From Alexandria Williams ’15:
On the morning of April 2nd, 2015, several gunmen of the terrorist group Al-Shabaab, opened fire on the Garissa University campus in Eastern Kenya, murdering at least 147 people. 147 people. 143 of them university students just like you and I, whose lives were gruesomely stolen. 147 is not just a number, it is the manifestation of post-colonialism, and apathy regarding this tragedy is a symptom of racism. We refuse to let these lost lives be relegated to just another number. Please join us for a nighttime vigil to mourn and respect these stolen lives and to rectify the absence of information and the proliferation of misinformation. 147 is not just a number. All black lives matter. #weareone
Date: Thursday, April 9
Time: 9 PM
Place: Outside Olin Library
FB event here.
From Shada Sinclair ’16:
Lighthouse has moved to 210 Cross Street; this is a new page in our history at Wesleyan and we wanted to start the year off right by asking for God’s blessing on the house and the residents. Come celebrate with us through food and fellowship.
Date: Sunday, September 14
Time: 2:00 to 6:00pm
Place: 210 Cross St.
Yesterday on the ground floor of Usdan during lunch, a few students presented a “Day of Giving Back/Diploma Sell-ebration” to the Wesleyan community. Susannah Greenblatt ‘16, Ari Ebstein ‘16, and David Whitney ‘16 advertised the University, offering diplomas for degrees in the following departments:
Moodles and Doodles
Theory of Praxis
Postmodern Label Grazing
Spring Break 2014. Some went home. Some went to the beach. Some stayed on campus. And some went on spring break trips, participating in a wide variety of activities ranging from volunteering to performing to playing frisbee. Wes took the country by storm, traveling to places with exotic state birds such as the pelican, the brown thrasher, and the lark bunting. Take a look at what some of your friends were up to:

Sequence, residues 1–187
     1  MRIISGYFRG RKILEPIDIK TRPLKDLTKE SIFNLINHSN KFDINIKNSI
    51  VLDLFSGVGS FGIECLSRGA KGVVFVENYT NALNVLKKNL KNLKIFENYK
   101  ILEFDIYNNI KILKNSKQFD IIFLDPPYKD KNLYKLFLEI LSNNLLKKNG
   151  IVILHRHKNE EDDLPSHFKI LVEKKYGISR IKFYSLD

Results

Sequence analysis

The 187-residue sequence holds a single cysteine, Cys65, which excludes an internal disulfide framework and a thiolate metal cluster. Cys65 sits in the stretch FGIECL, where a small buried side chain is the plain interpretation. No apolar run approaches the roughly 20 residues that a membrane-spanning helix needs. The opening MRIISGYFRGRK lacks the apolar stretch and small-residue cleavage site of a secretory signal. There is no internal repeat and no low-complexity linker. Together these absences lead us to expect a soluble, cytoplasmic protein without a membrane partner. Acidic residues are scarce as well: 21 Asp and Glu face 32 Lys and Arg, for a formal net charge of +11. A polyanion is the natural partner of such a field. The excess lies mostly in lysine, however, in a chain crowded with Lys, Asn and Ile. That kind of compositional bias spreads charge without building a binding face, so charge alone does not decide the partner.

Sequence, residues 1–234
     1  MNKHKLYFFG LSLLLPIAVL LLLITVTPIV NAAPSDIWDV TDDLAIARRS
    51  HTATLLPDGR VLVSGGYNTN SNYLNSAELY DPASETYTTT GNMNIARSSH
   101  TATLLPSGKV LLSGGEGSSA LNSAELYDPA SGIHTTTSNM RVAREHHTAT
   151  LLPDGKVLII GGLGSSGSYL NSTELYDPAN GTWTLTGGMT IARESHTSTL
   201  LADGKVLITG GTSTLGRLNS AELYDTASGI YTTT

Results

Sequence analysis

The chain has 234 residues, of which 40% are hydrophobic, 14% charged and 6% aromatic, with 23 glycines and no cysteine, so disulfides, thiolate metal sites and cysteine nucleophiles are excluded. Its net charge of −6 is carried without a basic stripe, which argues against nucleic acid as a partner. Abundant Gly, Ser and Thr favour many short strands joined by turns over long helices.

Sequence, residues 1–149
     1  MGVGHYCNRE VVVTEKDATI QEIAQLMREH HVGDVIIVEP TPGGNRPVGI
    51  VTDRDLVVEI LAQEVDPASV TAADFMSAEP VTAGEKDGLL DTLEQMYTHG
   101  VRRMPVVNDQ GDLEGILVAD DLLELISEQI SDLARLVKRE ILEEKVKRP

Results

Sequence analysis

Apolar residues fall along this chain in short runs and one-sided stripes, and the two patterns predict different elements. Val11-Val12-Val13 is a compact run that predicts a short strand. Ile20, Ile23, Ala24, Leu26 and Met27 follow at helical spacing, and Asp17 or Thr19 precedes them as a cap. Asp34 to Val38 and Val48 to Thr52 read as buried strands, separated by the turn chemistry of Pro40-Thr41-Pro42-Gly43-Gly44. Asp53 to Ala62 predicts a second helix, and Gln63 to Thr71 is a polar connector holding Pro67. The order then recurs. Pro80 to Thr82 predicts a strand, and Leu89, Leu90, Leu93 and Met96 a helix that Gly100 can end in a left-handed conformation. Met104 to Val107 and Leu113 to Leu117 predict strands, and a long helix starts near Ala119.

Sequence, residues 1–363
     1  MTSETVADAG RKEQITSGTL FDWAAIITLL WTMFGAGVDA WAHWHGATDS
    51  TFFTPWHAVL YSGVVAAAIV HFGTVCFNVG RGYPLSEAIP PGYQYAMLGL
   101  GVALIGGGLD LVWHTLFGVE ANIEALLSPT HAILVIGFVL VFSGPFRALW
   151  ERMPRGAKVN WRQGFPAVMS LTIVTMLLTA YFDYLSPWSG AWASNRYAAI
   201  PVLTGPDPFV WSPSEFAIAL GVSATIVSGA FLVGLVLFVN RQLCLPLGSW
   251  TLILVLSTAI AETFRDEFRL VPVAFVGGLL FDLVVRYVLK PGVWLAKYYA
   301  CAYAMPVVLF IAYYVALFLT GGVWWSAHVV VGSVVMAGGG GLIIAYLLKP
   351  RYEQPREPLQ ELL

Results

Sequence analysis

ServeUp trip to New Orleans
The Wesleyan chapter of ServeUp traveled to New Orleans to help rebuild communities and work with Katrina victims. ServeUp is a program under InterVarsity Christian Fellowship, a network of campus ministries. Stacy Uchendu ‘17 graciously educated me about their experience.
The purpose of the trip, in addition to rebuilding, was to explore the relationship between social justice and faith for Christians and non-Christians alike. Eighteen Wes students were part of a larger group of 300 university students who worked in the Lower Ninth Ward, one of the hardest-hit areas of the city. Some students built a whole house in three days for the St. Bernard Project. Others painted houses in cheerful colors to brighten up the community. A third group worked on a community garden at Our School at Blair Grocery (check it out! Blair Grocery rocks).
The students found it rewarding to work as a team and make closer friendships with their peers. They learned from the perspectives of the Lower Ninth Ward residents: it is hard to believe that nine years post-Katrina, there is still so much to rebuild. In addition, they were grateful for others’ openness to discussing faith without judgement.
Back on campus, the students hope to bring more attention to ServeUp, for people of all faiths or no faith, for those who just want to learn about social justice, or for those who want to go to NOLA.